Gender differences in field of study translate into different occupational employment patterns among young adults with a VET qualification. While crafts and related-trades occupations employ on average around one-third of young men with non-tertiary VET qualifications, these occupations only account for 4% of employment of their female counterparts. Sales and service jobs are the most important occupations for young women with a VET qualification, accounting for 44% of employment, compared to only 15% among men. Employment in high-skill occupations is slightly more common for young female than for male adults with a VET qualification (22% versus 19%) (OECD, 2020[1]).

Encouraging all students to pursue studies in the field that interests them and in which they can fully express their potential may result in better labour market and social outcomes. Gender stereotyping can deter both girls and boys from pursuing specific careers, especially so in traditional VET occupations, such as manufacturing (Makarova, Aeschlimann and Herzog, 2019[7]). Schools can help students cultivate a wider perspective on different career options, including in traditional VET fields, through better career information and regular career talks and workplace visits. Stereotypes preventing girls to progress in the same fields as boys (and vice versa) can be countered by improved information and career guidance interventions. Providing career guidance at an early stage can help prevent the emergence of stereotypical perceptions of specific educational and career paths (Howard et al., 2015[8]). Evidence from England (United Kingdom) shows that even primary school-aged pupils are already forming ideas about their future careers, and are coming to see some subjects and career paths as not suitable for them (Archer, DeWitt and Wong, 2014[9]).

As relevant examples, Denmark celebrates girls’ day for students from 5th grade by providing information about occupations where women are underrepresented, promoting STEM professions, and offering multiple interactive activities where companies and organisations actively participate. Similarly, in Germany, secondary students celebrate Boy’s Days which are aimed at attracting young males into the types of jobs where their gender is underrepresented, such as kindergarten teacher, nurse and florist. Having “role models” can also encourage students to pursue areas that they might otherwise not consider (Hughes et al., 2016[10]; Musset and Mytna Kurekova, 2018[11]). As such, engaging employers of different sizes and sectors, including successful young entrepreneurs, in career guidance programmes will be useful for students. Nonetheless, career guidance interventions have to be designed carefully to be effective, especially when they involve work placements, because if not well designed, they can exacerbate rather than challenge students’ gender stereotypical trajectories (Osgood, Francis and Archer, 2006[12]).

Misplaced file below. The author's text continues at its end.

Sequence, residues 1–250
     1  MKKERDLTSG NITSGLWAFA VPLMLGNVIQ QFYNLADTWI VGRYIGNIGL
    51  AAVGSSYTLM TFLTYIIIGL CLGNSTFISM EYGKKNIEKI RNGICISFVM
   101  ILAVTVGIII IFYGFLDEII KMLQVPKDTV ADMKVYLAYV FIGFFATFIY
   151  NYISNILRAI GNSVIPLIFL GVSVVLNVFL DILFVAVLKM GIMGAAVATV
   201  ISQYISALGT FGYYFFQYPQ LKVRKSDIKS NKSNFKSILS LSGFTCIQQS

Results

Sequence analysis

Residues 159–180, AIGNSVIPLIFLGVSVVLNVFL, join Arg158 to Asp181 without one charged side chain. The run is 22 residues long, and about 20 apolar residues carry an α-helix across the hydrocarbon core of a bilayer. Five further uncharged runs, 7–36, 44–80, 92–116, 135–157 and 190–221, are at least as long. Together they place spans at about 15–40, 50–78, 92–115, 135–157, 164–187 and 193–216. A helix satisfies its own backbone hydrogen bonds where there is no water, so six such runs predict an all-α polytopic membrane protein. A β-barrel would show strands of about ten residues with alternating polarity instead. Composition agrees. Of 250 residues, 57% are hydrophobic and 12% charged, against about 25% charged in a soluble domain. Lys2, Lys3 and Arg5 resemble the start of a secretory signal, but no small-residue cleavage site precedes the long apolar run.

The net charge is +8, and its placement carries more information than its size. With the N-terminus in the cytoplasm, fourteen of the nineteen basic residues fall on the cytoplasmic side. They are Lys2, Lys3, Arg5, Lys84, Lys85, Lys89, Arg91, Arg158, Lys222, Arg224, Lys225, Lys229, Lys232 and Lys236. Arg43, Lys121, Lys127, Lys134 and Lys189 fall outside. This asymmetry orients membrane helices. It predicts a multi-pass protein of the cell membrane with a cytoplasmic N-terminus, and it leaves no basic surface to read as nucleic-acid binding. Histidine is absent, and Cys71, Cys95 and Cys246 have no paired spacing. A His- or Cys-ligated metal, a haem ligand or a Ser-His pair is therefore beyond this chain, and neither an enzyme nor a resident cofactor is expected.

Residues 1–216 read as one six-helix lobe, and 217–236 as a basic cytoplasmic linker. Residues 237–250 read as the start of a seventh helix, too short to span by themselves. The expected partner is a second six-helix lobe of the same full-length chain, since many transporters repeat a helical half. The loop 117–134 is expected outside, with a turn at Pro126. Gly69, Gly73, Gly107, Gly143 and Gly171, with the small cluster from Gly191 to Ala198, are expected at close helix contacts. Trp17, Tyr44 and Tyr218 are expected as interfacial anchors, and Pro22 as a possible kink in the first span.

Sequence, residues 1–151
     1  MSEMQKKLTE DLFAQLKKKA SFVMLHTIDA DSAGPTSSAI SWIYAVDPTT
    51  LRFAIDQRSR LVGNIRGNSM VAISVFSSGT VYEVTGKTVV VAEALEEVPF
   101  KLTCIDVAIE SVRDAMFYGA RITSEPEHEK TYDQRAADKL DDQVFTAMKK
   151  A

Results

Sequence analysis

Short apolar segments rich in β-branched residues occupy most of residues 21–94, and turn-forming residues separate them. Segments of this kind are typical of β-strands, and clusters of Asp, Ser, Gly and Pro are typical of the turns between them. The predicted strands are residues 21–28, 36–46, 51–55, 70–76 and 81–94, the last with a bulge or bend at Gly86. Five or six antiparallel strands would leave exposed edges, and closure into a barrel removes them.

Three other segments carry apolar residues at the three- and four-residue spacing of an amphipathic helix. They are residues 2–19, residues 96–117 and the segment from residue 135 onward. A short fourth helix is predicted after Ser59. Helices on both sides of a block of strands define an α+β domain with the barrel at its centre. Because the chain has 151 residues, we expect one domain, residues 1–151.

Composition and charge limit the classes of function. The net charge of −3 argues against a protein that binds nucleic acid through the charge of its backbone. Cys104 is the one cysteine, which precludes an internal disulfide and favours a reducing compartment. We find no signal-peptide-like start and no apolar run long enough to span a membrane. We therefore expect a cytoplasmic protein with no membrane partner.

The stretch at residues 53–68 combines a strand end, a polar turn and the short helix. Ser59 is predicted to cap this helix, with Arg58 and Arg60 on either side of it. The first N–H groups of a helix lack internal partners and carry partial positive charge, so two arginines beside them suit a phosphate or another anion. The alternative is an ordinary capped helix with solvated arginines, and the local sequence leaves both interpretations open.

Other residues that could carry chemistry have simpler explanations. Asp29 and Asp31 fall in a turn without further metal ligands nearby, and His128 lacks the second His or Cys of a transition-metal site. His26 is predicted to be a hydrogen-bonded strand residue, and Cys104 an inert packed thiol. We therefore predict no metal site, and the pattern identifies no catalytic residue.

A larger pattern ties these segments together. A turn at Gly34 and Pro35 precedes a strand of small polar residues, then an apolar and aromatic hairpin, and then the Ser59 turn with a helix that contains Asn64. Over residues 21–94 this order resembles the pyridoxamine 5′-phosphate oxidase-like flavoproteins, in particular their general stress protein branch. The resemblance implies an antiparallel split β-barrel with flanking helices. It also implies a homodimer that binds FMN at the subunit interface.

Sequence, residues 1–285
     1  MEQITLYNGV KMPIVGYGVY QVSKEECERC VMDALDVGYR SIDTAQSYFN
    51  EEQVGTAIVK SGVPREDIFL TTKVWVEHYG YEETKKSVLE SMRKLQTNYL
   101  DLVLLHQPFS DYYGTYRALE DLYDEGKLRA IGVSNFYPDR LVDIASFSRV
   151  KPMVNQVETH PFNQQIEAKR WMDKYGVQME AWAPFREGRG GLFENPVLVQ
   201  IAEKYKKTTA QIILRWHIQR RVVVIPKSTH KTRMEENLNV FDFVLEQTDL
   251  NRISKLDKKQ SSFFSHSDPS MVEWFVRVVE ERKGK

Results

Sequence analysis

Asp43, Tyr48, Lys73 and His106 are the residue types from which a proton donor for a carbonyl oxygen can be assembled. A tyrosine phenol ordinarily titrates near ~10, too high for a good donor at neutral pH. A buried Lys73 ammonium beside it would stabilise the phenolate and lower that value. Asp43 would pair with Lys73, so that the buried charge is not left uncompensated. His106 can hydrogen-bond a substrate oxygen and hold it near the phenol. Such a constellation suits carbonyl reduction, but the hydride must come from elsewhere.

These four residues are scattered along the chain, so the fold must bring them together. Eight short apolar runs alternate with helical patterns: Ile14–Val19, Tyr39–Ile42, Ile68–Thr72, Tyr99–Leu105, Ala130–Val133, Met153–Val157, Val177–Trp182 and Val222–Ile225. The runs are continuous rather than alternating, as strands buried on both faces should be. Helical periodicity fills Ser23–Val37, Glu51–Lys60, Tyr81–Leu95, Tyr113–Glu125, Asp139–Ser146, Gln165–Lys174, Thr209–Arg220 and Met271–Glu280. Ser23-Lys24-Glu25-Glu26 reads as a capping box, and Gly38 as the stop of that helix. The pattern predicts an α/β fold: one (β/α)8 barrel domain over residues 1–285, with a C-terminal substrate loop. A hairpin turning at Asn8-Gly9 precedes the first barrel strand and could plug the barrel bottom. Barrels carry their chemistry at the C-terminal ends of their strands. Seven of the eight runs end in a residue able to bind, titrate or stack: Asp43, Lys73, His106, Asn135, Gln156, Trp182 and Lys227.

Gender differences in field-of-study choice shape the opportunities men and women have to benefit from high quality work-based learning opportunities. In many countries, apprenticeships are most common in manufacturing, construction and engineering, fields in which women are under-represented. As a result, women seeking a vocational qualification mostly pursue school-based programmes and do not benefit from the advantages of apprenticeship schemes (OECD, 2018[13]). According to data from the 2016 European Labour Force Survey (EU-LFS) ad-hoc module, young men with an upper-secondary or post-secondary non-tertiary VET qualification as their highest education level are more likely to have been an apprentice (defined by the EU-LSF as “paid working experience that is a mandatory part of the curriculum and lasts at least six months”) than young women with the same educational attainment. Likewise, the United States registered apprenticeship system mainly attracts male students, with only 13% of women learners among active apprentices in the 2021 financial year (US Department of Labor, 2022[14]). In Canada, 11.5% of apprenticeship programme registrations in 2020 were women learners (Statistics Canada, 2022[15]). Women learners accounted for 28% of all apprentices and trainees in Australia in June 2021 (NCVER, 2022[16]).